When spanning three courses, a broad approach is best. Strokes gained: tee to green covers all the bases except putting. Shotlink data is only available at the Pebble Beach course, so honing in on specific areas of a player's game can be difficult. That being said, approach stands out as the most notable metric at the eponymous course. Top-10 finishers have gained 1.18 strokes on approach, compared to just 0.29 off the tee and 0.31 around the greens.

While par 5s are always important to target on par 72 courses, on which three of the four rounds this week will be played, success at this event is more highly correlated to gaining strokes on the par 4s. According to statistics compiled over at Fantasy National Golf Club, golfers who finish in the top 10 do more to gain strokes on the par 4s than the par 5s.

At Pebble, top-10 finishers gained 0.15 strokes on par 4s compared to 0.13 strokes on par 5s. At Monterey, that same group gained 0.18 strokes on par 4s compared to 0.17 on par 5s. Only at Spyglass do par 5s become more important and significantly so (0.23 on par 5s vs. 0.15 on par 4s). In 2018, 12 golfers ranked in the top 20 that week in strokes gained: par 4s finished in the top 10 (7 golfers tied for 8th). Only 6 of the top 20 on par 5s ended up finishing that high.

Opportunities gained accounts for greens in regulation and awards extra points for birdie chances within 15 feet. The greens on all three courses are smaller than average so knocking it close will be key for either converting birdie opportunities or at least saving par without having to scramble. Because of the variety of holes these golfers will face, approaches come from a wide range of distances, rendering it difficult to pinpoint proximity from any particular range.

Finally, strokes gained: putting must be considered this week. It is usually dangerous to rely on past putting performance to predict future results due to the variant nature of the short stick, but golfers with a long sample of success on poa should get an extra look this week.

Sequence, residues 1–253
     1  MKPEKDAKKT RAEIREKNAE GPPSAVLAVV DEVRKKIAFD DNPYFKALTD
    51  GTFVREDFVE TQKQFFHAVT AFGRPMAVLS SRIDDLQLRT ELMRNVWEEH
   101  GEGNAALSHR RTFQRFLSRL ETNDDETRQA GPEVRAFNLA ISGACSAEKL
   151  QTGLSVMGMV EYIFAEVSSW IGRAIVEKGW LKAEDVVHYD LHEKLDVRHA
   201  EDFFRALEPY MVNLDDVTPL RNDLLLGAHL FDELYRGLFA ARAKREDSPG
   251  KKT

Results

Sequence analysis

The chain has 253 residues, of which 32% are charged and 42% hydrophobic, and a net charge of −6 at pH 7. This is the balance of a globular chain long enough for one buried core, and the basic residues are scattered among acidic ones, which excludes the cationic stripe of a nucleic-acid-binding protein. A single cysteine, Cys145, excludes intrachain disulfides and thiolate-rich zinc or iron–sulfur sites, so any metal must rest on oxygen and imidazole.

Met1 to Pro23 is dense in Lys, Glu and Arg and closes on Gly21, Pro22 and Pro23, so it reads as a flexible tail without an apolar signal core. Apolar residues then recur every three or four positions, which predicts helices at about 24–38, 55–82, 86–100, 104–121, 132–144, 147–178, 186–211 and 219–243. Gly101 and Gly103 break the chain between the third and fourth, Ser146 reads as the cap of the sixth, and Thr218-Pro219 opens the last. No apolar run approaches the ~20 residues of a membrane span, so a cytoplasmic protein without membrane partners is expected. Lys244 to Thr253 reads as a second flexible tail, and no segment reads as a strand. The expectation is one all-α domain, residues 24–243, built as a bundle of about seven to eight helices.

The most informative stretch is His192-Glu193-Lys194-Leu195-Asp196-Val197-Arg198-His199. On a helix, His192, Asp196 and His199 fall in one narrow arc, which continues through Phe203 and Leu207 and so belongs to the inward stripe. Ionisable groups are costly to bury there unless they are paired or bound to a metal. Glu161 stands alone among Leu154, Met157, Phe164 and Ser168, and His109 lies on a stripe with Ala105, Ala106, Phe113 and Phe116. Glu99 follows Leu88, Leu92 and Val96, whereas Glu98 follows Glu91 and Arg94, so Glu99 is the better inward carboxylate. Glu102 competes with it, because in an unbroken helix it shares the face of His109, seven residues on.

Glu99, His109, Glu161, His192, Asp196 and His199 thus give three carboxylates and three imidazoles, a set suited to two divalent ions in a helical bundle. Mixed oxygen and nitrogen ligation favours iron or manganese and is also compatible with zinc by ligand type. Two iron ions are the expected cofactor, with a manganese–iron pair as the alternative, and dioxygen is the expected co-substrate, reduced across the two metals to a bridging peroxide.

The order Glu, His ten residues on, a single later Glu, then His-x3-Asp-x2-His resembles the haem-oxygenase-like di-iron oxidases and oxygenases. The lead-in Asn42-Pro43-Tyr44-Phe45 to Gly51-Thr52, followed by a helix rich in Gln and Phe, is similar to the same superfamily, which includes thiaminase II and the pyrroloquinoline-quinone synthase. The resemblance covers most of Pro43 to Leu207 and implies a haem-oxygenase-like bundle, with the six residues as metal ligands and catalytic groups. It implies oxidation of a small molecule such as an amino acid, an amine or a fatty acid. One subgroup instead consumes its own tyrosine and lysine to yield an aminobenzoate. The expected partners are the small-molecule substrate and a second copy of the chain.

Course History Studs

Dustin Johnson will be the class of the field in almost any event at which he tees it up, but his from here is particularly exceptional, with a win in 2010 and four top-four finishes in the past five years.

Jordan Spieth has been maddening for much of the past 18 months, but his familiarity and form at this event are noteworthy. He has finishes of T20, WIN, T21, T7, and T4 in the past five years and, like DJ, does his best work on poa greens.

Jason Day has finished no worse than T11 in any of the past four editions of this event. His form has been up and down for the past two years, but he still managed to do well at this event, so with his focus back on golf and his game looking good, Day should post another strong finish at this event.

Jimmy Walker won this event in 2014 and has three other top-25 finishes since then, including a T8 here last year.

Mike Rodden is not a FanDuel employee. In addition to providing DFS gameplay advice, Mike Rodden also participates in DFS contests on FanDuel using his personal account, username mike_rodden. While the strategies and player selections recommended in his articles are his personal views, he may deploy different strategies and player selections when entering contests with his personal account. The views expressed in his articles are the author's alone and do not necessarily reflect the views of FanDuel.